Question 15

86.There is no legislation or common law provision in Jamaica that governs torture as a separate or distinct offence. There are, however, provisions under the Offences against the Person Act for the prosecution of offences such as assault, assault occasioning bodily harm, wounding with intent, shooting with intent, unlawful wounding, inflicting grievous bodily harm and causing grievous bodily harm with intent.

87.The number of complaints received by the Director of Public Prosecutions (DPP) against law enforcement and detention personnel related to such offences and allegations of ill-treatment over a 3-year period (2008 – 2010) amounted to 1,751, of which the DPP has ruled on 1,099.

Between 2008 – January 2011, seven (7) cases were disposed of in the following ways:

Three (3) matters were disposed of as not guilty verdicts were entered;

A retrial was ordered in one (1) matter by virtue of a hung jury;

Two (2) matters were disposed of as guilty verdicts were entered; and

In one (1) matter the police officer pleaded guilty.

88.The Office of the Director of Public Prosecutions does not impose sanctions on officials accused of ill-treatment. In cases where police officers are accused of ill-treatment, victims can seek compensation. Where a police officer who was acting as an agent of the State inflicted injury on a victim, that victim can seek representation and take legal action against the State in order to claim damages, thereby exercising his or her civil remedies.

Question 16

89.Crime affects all segments of Jamaican society, with the most vulnerable groups being women, children and the urban poor. Women remain the primary victims of rape and domestic violence. Reducing violence against women and girls, therefore, remains a priority for the Government.

90.Since the Third Periodic Report, in addition to existing legislative and other measures to address the issue of sexual violence against women and girls, the Sexual Offences Act was passed in October 2009. This Act creates new provisions for the prosecution of rape and other sexual offences, including marital rape, anonymity of complainant in rape and other sexual offences, as well as incest. There are also public education programmes designed to increase awareness about the problem, encourage the reporting of sexual abuse as well as to combat and eradicate violence against women. Such campaigns target schools, community-based groups and civic groups.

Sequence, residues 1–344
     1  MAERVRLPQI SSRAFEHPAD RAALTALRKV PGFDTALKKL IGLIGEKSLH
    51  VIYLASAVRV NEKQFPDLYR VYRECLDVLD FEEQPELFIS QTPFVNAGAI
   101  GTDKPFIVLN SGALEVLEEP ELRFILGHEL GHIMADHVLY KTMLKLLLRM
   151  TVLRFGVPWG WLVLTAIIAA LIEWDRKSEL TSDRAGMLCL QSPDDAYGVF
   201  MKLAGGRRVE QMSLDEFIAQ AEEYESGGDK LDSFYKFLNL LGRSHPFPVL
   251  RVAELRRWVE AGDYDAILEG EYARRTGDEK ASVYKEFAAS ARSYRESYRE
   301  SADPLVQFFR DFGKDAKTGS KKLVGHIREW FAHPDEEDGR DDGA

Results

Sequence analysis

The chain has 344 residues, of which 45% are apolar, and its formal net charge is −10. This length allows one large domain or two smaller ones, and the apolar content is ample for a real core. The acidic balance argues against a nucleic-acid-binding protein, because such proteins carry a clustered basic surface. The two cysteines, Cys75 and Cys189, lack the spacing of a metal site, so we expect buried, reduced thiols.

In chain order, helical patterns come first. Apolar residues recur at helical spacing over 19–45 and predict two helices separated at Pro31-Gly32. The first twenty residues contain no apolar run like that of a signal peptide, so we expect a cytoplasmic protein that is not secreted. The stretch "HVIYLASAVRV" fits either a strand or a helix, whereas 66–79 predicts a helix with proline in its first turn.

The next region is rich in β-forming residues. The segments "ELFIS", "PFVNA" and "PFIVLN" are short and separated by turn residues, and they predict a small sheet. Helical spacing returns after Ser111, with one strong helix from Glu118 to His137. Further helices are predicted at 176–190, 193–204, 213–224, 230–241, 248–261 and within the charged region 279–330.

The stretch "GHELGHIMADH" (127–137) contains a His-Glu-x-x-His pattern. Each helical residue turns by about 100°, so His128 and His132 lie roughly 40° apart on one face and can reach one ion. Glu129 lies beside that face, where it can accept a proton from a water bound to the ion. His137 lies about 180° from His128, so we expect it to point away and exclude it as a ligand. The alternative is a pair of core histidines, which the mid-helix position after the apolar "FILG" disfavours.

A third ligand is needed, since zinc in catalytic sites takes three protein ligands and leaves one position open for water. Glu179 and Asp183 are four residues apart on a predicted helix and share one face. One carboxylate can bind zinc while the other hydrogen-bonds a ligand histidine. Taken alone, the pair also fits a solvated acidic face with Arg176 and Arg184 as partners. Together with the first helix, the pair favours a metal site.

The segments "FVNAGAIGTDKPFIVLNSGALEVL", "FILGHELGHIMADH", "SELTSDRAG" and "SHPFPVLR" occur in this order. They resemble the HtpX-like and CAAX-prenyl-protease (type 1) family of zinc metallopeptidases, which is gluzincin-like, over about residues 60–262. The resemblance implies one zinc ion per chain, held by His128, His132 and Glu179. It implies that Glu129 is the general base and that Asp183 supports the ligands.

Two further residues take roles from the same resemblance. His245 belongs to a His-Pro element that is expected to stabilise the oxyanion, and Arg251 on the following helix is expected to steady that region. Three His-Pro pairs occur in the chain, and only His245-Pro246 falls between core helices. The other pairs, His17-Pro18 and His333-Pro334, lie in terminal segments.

91.According to the Jamaica Constabulary Force, 1175 cases of rape and carnal abuse were reported in 2009, with the following breakdown: 672 cases of rape and 503 cases of carnal abuse. Of the total number of cases, 585 have been cleared up. The comparable figures for 2008 are 849 reported cases of rape and 610 reported cases of carnal abuse. Of the total number of reported cases in 2008 (1459), 672 were cleared up.

92.There is evidence to suggest that women and girls are targeted for sexual favours. It is factually incorrect to suggest, however, that women are the subject of reprisals related to the reporting of criminal activities of gang members. Women tend to be targeted when they are perceived to have alleged connections to criminal gang members. Regrettably, women are themselves becoming increasingly involved in criminal activities and are perpetrators of violence.

93.The Centre for the Investigation of Sexual Offences and Child Abuse (CISOCA) has been upgraded as part of a general strategic review of the Jamaica Constabulary Force which resulted in increased resources and human capital being injected into the operations to better equip Officers to respond to all types of abuse and exploitation of women and children. The Centre has a unit at every police station in each parish.

Question 17

94.Domestic violence remains a source of concern in Jamaica. According to the 2008 Reproductive Health Survey of Jamaica, there are stark gender imbalances in the perception of spousal abuse between men and women as almost all female respondents agree that men do not have the right to hit a woman in any circumstance, while 1 in 5 men believe that a man has the right to hit a woman for being unfaithful and/or disobedient. Studies also find that abuse by intimate partners, whether current or past, are the most prevalent form of violence against women of all ages, socioeconomic background and educational levels. While there is evidence to suggest men being abused by women, many of these cases go unreported. Domestic murders represented 4 per cent of the murders committed in 2010. Violence against women is recognised as a public health concern and as such the Ministry of Health has formulated a monitoring mechanism referred to as the Jamaica Injury Surveillance System (JIIS) to detect violence-related injuries (VRIs).

95.As noted in the Third Periodic Report, there are several measures being undertaken by the Government to deal with the problem of domestic violence. This includes legislative measures such as the enactment of the 2004 Domestic Violence Act which broadens the categories of women protected to include not just married women but also women in common-law relationships. The Bureau of Women’s Affairs also plays an important role by providing training to public and private sector workers on a range of issues, including that of sexual harassment at the workplace and domestic violence. The work of the BWA is complemented by the work of several non-governmental organizations. These include Woman Inc. which operates the Women’s Crisis Centre and provides 24-hour hotline counseling to victims of domestic violence. The Crisis Centre also provides temporary emergency shelter for victims of violence and receives funding assistance from the Government. Other NGOs which address domestic violence include the Women’s Centre of Jamaica Foundation and Women’s Media Watch.